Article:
A distinctive 'rabbit nose' or 'partridge' moccasins could be sewed
by trimming the pattern first into a 'w' shape. There were also
many ways to finish the heels of moccasins.
Varieties of Eastern Woodland moccasins often left a tiny tab,
or tail, trimmed to different shapes, that dragged behind. Other
one-piece moccasins have no tail, or the tab is sewn up to the
heel for added reinforcement. Some moccasins of the plains and
prairie had fringe hanging at the heel seam or added onto the
instep; as fringe trailed behind the walker, it may have helped
to obliterate footprints.|
Moccasins were usually made from the
soft tanned hides of deer, moose, elk or buffalo. Rawhide was
used for the hard-soled moccasins. Hides from the larger animals
were much thicker than buckskin. Thicker hides were more difficult
to sew, but produced sturdier, longer lasting moccasins. Sewing
is easier with soft Indian-tanned (or brain-tanned) leather, but commercially
sueded and split leather is also suitable for moccasin making.
Commercial leather is most like brain tanned leather when it
is split (sueded on both sides), as the smooth outside of the
hide has been split off. The thickness of commercial leather
is measured by the weight in ounces of a square foot of leather.
Very thin garment leathers, 1-2 oz. weight, is usually too thin
for practical moccasins, while heavy leathers, 5-6 oz. weight,
can be nearly impossible to sew by hand. Medium thickness leather
(3-4 oz. weight) is recommended for most soft-soled moccasins.
Patterns should be laid out on the hide so the pieces go with
the grain of the leather, so the moccasins will be uniform. If
conservation of leather is a consideration, pieces can be laid
out so leather is not wasted, but as the leather stretches in
different directions, sewing can become a little irregular.
Moccasins were assembled inside out to
hide the stitching in the finished shoe. Stitching would be done
traditionally with sinew through holes punched with an bone awl.
For comfort, knots were kept on the outside of a shoe. The whip
stitch was commonly used in moccasins, often with an added narrow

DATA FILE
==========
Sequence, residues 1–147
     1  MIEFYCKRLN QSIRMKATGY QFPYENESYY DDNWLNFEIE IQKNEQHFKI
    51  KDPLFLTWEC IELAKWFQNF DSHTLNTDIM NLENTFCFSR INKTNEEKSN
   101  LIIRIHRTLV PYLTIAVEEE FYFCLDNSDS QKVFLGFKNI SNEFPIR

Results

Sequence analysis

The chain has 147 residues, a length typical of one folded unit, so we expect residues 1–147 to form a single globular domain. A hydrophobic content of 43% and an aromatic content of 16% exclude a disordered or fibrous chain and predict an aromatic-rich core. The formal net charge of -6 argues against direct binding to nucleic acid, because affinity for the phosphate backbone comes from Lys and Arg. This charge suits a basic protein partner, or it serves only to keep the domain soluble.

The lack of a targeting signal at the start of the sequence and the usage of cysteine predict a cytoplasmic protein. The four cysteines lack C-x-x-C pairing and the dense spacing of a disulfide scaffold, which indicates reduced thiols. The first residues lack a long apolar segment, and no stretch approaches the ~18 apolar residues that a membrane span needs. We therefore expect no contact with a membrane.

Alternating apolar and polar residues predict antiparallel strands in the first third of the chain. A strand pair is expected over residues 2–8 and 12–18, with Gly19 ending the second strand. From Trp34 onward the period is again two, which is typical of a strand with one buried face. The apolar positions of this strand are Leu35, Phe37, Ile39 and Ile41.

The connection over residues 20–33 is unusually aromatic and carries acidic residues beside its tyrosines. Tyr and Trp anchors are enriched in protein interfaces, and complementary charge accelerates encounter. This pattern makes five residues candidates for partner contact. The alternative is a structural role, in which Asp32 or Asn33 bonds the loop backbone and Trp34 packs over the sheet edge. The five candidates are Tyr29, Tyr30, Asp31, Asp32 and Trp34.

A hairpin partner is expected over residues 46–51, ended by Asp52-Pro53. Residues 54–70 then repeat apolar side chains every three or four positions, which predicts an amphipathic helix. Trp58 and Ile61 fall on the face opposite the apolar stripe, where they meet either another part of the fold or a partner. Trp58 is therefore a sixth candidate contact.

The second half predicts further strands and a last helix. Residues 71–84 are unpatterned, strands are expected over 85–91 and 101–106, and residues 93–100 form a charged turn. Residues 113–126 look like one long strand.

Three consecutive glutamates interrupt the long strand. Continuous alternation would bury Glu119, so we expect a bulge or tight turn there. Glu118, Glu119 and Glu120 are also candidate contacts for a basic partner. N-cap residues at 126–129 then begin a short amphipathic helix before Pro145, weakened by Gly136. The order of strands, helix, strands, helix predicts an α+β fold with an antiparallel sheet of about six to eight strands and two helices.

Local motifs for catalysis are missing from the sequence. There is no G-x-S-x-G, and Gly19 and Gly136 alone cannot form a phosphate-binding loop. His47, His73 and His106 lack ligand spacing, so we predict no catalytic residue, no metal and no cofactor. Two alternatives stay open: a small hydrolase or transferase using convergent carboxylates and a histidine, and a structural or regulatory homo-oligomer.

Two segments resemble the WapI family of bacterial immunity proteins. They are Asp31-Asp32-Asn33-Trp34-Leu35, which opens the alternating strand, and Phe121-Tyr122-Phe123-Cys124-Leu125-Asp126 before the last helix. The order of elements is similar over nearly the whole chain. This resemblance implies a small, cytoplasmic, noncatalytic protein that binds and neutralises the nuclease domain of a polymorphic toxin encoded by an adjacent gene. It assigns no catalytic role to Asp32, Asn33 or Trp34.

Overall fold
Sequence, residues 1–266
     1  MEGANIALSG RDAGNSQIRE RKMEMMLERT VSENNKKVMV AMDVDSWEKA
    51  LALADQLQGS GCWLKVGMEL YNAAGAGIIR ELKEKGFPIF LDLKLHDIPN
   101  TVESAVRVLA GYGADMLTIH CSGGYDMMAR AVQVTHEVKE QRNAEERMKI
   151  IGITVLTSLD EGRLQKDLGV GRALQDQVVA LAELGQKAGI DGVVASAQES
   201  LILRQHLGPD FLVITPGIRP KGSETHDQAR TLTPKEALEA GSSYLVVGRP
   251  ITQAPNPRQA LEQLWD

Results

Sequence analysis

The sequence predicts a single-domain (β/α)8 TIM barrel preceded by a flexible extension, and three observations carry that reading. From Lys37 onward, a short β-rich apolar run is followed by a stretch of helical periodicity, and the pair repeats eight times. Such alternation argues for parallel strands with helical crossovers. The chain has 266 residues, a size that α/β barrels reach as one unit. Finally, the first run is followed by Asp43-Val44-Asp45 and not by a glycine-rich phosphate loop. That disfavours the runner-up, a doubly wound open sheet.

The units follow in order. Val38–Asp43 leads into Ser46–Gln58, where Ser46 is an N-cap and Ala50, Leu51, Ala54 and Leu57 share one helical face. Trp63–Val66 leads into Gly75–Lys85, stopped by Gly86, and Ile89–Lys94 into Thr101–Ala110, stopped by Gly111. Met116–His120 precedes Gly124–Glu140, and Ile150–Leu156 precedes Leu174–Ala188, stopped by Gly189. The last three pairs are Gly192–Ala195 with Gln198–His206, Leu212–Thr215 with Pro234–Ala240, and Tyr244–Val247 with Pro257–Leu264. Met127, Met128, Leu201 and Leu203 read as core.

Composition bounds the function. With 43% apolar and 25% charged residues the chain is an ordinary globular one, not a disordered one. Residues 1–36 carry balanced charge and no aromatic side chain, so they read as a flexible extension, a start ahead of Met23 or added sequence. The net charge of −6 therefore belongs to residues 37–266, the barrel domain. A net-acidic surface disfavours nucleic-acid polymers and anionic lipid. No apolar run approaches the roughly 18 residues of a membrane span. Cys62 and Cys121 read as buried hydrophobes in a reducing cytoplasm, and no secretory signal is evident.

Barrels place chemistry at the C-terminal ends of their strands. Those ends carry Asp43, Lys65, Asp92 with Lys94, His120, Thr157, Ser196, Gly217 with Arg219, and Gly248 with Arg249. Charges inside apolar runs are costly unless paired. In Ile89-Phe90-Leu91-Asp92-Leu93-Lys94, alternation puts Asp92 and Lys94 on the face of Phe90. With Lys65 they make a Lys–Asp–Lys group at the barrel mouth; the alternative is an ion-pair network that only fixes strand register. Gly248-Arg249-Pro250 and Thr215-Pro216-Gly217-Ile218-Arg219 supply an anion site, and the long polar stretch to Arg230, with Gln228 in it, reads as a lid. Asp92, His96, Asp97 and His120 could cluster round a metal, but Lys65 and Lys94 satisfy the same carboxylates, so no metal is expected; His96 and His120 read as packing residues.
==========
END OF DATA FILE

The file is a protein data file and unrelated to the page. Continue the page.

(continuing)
welt running the length of the seam to make the moccasin stronger
and to help hide the stitching when turned right side out. The
running stitch was also used in places where the whip stitch was
not as practical, as with added fringe. Seams were often gently
pounded flat in puckered areas.|
Even though moccasin construction techniques
are similar among many tribes, the beaded or quilled decorations
were often quite distinctive. Woodland moccasins were often decorated,
usually in floral or zoomorphic designs, on the instep or tongue
portion, woodland decorationdid not usually cover the sides of
the moccasin. The flap or added cuff around the ankle was also
often decorated, or worn upright and held in place by thongs wrapped
around the ankle. A separate beaded or quilled piece of velvet
or leather was sometimes sewn on top of the cuff or tongue portion.
These decorated panels could be easily removed from the moccasins
when the soles wore out, and sewn onto a new pair. Plains moccasins
often left the cuff undecorated, but geometric bead and quillwork
patterns often decorated the instep portion, or around the circumference
near the sole. Some Plains designs covered the entire top of
the moccasin from the heel to the toe. Moccasins worn for marraige were often
completely covered in beads. For Plains peoples preparedness
in the afterlife, many moccasins worn into burial were fully beaded
even on the bottom of the soles. |
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© 1994 - Tara Prindle
unless otherwise cited.